Augmented reality is reshaping how enterprises manufacture, repair, upskill a workforce, and much more. In my conversations with execs at businesses around the globe, and at the flagship global AR event, Augmented World Expo 2019 (AWE), Scope AR is seeing greater momentum than ever before. Gartner recently dropped AR from its hype cycle, meaning the analyst firm considers augmented reality a mature technology, not an emerging one.

As the end of the calendar year approaches, it’s a good time to strap on some prediction goggles and see what the future might hold for AR in 2020.

HoloLens 2 validates and expands AR for business

The arrival of Microsoft’s HoloLens 2 signals a tipping point for AR and wearables. This is a second-generation headset that introduces massive improvements in gesture recognition, larger field-of-view, and overall ergonomics. But what’s most significant is who it’s not for, primarily: gamers or consumers. 

AR and VR hardware development — and what sometimes seems like an insane amount of venture capital — has followed videogame and immersive entertainment concepts. 

Microsoft flips that with the HoloLens 2. Redmond is squarely taking aim at the enterprise market, betting big that developers will create applications and find use cases that will put AR in a broad range of workflows. The company obviously knows how to create entire business ecosystems at enterprise scale. Expect a bevy of Fortune 100 businesses and even the U.S. military to make waves with HoloLens 2 AR use cases in the year ahead.

Who will throw their hat into the ring in 2020?

The arrival of HoloLens 2 will also open the floodgates in the wearables market. You’ll see new AR/VR devices from more blue-chip device manufacturers. While we may have to wait a bit longer for the long-rumored Apple glasses, there’s no way that other electronics powerhouses will stand still. Expect competitive, next-gen AR/VR iterations from Samsung, Google, Toshiba and more as they’re pushed to copy, innovate, or get left behind. Along with the HoloLens 2, competition and ubiquity will further expand AR potential in enterprise business and beyond. 

Niche AR players: Time to take the leap

With 2020 poised to be the year Big Tech gets heavy into AR, what’s going to happen to the smaller players? In tech, we’ve seen this movie before: industry consolidation and intellectual property acquisition. For start-ups, niche firms, or dreamers in AR and wearables, 2020 is the year to prove their technology is viable and compelling. Launch a compelling offering, get your devices on the heads of business users, and get ready to innovate faster than the giants to prove real ROI. There’s a $80+ billion market out there for AR/VR maturing in the next few years. 

Your next training? Cancel the flight, it’s in the headset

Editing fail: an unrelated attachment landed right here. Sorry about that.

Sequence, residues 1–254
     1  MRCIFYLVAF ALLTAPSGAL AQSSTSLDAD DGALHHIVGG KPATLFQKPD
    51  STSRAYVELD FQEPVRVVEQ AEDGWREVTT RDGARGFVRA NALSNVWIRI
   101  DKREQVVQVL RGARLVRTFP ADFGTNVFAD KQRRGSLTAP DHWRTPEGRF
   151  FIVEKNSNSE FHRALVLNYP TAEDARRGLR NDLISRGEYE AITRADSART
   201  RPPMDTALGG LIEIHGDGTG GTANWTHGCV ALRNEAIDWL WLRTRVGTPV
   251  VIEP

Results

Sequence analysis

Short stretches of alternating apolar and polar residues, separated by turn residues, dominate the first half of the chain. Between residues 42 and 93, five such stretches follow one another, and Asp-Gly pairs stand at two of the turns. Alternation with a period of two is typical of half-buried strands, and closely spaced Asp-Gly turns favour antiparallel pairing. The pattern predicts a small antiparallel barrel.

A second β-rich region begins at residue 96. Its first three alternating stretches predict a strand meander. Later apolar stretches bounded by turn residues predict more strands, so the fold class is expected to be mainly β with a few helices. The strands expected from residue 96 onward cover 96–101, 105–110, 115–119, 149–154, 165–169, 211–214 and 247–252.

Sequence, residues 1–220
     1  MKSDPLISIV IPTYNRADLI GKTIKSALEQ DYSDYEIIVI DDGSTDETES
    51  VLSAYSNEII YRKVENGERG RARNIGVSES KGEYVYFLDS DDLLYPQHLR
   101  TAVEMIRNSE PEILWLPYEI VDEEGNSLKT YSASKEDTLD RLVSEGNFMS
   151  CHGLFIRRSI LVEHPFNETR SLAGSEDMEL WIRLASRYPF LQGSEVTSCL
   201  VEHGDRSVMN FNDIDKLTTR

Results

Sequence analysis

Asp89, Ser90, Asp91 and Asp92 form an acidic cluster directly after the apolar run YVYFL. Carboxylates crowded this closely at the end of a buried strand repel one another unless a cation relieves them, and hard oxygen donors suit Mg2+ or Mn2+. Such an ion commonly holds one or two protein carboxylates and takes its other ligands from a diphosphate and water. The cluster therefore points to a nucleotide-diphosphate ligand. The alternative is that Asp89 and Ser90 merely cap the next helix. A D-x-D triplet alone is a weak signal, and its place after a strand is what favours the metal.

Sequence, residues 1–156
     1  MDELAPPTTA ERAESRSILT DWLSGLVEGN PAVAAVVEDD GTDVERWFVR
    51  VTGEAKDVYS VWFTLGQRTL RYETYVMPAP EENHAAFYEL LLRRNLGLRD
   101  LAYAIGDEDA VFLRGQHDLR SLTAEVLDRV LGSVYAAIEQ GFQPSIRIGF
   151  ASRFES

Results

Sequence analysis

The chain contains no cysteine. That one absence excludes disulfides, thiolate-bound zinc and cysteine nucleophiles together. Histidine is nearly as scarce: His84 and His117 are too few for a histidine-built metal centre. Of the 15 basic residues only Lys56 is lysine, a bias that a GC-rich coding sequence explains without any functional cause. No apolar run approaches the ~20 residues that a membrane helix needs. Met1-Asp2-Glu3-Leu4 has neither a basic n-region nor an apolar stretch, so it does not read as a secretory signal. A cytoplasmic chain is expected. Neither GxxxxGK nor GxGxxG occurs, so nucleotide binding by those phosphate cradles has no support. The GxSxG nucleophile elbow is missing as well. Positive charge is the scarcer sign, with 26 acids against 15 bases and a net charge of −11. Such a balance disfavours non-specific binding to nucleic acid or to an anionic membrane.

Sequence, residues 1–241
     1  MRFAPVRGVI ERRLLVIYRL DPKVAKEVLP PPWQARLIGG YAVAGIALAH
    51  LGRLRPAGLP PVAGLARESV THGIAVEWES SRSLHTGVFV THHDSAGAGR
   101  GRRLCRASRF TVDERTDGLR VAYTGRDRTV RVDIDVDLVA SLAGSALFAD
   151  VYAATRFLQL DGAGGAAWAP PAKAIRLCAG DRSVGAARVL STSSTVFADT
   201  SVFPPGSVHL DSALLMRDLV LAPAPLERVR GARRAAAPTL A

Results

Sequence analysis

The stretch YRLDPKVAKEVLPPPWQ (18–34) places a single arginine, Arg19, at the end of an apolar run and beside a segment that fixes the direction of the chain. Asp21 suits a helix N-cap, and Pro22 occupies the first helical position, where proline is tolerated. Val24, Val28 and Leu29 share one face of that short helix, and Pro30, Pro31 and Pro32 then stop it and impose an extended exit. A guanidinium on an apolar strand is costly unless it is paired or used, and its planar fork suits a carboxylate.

In 2020, the enterprise space will see substantial adoption of AR technology to train highly-specialized members of the workforce with on-demand knowledge. Training cost U.S. businesses $87 billion in 2018 alone — and that’s probably a conservative estimate. After all the travel expenses, convention center rentals and those huge urns of burnt coffee–well, there’s got to be some efficiencies to realize, right?

Obviously not every type of training makes sense for AR. But according to research from Todd Maddox with Amalgam Insights, the brain is naturally hardwired to forget. As a result, organizations should look for high-quality learning and development solutions that help employees retain essential knowledge, or ones that provide access to that knowledge in the moment it’s needed. Augmented reality is proving to be an effective medium for delivering intuitive, real-time information so workers can complete sophisticated tasks with little to no prior training.

At Scope AR, we’re already working with global category leaders to ensure your company’s expertise is sharable and that workers get the knowledge they need, when they need it – whether that’s through pre-built AR instructions or real-time remote assistance from someone else within the company. Some of the most important IP companies have is held by subject matter experts, like master technicians and career engineers. AR provides a way to build a knowledge repository, where you can capture and share expertise that helps everyone from assemblers to repair specialists learn the tricks specific to your business. Does it work? Lockheed Martin saw a 42 percent increase in productivity following an AR implementation with the WorkLink platform. 

2019 has been an incredible year across the AR category. 2020 will see major transformation and innovation. I can’t wait!